Geosmin: Why We Like The Smell Of Air After A Storm

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I'm in New York City and a storm just finished. Though the forecast had only shown a slight chance of rain a few hours earlier, suddenly there were flash flood warnings and the Yankees went ahead and postponed their game.

After it had passed, I immediately wanted to go outside. One of my favorite smells is the air after a storm. It is a smell so profound and distinct that a word had to be invented for it - and so it was In 1964, when chemists Isabel Bear and R.G. Thomas coined "petrichor" from the Greek "petros" (stone) and "ichor", the blood of the gods.

But in New York City, the smell is different than in rural Pennsylvania. You may be thinking to yourself, that's because of the garbage and hobo urine, which is certainly fair, but it is also different for chemistry reasons. Petrichor, the smell I associate with rural Pennsylvania, is because there is different chemistry in the woods than we get in cities. Though our noses get dismissed as amateurs compared to some animals, there is one compound where we do really well; we can smell geosmin, a chemical (C12H22O) released by dead microbes (commonly Streptomyces bacteria) and which causes that earthy smell, at a level of 5 parts per trillion. That's right, trillion. That is so trace that even endocrine disruption psychic Pete Myers, anti-everything activist Zen Honeycutt of Moms Across America, and homeopaths would have a hard time taking it seriously.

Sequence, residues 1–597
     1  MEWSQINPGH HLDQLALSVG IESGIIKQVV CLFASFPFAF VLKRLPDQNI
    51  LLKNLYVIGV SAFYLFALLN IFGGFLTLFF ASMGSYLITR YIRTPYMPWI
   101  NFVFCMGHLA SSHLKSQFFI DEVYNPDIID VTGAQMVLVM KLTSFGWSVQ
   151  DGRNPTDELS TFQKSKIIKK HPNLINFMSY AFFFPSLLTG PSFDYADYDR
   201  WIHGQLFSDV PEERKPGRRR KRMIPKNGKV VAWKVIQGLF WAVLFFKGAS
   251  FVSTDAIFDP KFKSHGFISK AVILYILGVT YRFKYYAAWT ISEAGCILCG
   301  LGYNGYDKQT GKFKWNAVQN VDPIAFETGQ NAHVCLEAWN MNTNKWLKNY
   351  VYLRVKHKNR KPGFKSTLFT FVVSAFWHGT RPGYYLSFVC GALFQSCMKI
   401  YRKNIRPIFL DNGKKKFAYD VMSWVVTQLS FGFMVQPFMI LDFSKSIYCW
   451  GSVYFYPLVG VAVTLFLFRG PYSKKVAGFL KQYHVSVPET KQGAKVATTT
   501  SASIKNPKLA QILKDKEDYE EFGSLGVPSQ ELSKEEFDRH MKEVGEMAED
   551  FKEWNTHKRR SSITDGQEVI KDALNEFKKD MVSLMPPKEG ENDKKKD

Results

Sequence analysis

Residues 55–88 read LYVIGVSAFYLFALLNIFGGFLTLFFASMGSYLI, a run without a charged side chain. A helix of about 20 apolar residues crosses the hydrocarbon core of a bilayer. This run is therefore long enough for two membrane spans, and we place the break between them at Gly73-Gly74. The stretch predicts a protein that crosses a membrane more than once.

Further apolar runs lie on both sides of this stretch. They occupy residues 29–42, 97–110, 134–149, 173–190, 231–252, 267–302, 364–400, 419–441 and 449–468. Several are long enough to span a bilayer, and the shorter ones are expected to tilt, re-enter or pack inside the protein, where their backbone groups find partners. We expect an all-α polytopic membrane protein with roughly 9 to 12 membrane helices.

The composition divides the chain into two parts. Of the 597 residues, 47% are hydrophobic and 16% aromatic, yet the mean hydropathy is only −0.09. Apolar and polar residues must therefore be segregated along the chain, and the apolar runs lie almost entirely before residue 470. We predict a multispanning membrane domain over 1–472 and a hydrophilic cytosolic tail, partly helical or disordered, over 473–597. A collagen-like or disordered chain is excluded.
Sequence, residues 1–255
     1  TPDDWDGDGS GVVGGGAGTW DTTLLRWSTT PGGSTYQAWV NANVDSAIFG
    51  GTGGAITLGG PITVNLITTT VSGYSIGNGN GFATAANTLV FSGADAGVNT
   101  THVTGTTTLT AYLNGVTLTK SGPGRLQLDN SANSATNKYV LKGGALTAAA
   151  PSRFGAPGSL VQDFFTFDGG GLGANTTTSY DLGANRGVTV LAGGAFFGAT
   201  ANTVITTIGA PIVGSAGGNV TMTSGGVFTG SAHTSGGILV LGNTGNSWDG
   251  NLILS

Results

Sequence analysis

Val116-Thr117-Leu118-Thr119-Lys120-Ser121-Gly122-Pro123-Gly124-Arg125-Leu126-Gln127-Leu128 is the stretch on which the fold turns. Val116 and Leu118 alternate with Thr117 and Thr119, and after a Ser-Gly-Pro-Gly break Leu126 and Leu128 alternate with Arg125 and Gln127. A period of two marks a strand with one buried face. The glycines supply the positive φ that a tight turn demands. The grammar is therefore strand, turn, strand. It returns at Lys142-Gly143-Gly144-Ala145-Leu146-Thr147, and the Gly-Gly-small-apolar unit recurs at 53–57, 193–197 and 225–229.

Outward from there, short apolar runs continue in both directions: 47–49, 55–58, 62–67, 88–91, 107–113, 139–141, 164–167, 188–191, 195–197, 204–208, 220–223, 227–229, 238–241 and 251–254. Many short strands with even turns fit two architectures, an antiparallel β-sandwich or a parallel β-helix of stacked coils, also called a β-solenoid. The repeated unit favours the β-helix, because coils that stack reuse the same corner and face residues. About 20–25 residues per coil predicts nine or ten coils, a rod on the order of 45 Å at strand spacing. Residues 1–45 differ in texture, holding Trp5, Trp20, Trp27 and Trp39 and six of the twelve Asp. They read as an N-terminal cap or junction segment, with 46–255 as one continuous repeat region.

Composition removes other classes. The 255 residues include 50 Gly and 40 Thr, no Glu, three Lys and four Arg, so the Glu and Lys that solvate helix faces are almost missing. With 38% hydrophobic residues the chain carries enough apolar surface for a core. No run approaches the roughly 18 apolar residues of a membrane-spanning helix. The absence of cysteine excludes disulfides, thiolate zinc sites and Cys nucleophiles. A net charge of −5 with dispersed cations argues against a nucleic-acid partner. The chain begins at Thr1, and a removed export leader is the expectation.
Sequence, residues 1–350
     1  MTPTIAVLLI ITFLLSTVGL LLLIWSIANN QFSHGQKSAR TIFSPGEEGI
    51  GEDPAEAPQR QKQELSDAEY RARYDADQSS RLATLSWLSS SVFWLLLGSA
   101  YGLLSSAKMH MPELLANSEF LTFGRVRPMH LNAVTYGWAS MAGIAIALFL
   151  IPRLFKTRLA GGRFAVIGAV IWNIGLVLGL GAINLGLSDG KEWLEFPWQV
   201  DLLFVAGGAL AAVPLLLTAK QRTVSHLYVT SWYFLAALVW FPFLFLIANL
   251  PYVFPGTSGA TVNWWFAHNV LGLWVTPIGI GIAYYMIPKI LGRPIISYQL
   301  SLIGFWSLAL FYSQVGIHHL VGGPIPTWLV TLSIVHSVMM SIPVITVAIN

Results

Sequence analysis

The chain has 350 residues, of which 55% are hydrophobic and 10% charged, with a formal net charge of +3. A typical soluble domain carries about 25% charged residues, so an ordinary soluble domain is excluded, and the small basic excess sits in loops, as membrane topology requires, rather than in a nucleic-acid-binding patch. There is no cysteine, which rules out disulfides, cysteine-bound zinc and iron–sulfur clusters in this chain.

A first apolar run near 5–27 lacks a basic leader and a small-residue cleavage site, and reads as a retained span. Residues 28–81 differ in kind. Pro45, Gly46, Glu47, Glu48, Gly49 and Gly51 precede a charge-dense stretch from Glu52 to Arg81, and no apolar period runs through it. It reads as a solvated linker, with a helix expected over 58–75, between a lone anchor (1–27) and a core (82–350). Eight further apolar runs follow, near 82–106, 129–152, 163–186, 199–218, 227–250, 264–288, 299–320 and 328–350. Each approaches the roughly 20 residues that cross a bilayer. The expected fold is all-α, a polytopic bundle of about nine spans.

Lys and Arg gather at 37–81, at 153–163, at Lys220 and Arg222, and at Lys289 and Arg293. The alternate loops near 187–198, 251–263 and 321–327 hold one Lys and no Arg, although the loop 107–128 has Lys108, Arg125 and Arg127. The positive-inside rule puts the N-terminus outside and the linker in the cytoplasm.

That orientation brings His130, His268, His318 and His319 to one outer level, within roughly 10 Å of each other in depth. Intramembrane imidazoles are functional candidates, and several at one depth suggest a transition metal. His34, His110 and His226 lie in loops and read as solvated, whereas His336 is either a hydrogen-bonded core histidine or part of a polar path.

Credit: PubChem Open Chemistry Database

I smell dead bacteria

To put that in context, a shark can smell blood at one part per million. That means human noses are 200,000X more sensitive to geosmin, which is also the source of the earthy taste in some vegetables, than a shark is to blood. No wonder I hate the taste of beets, my nose is probably better than yours.

What is this evolutionary relic? Why do we smell dead bacteria and the products of their corpses so well? It's all speculation at this point and there are lots of questions in biology like that, such as why do mitochondria in most of our cells have their own very specific, very small genome still being reproduced inside our own big genome? It may be that we have been given a mechanism to smell water really, really well because while it's always been essential, it may have been harder to find unless you were born near a river or conquered whomever was. 

So why does the air after rain smell so different in cities, more "clean" like chlorine and less like earth? There are not a lot of dead soil bacteria in cities, instead there is more ozone. 

O3 credit: PubChem.

Humans are really sensitive about ozone as well, some can smell it at a concentration of 10 parts per billion, probably because it is dangerous at high levels.

Take that, Shark Week.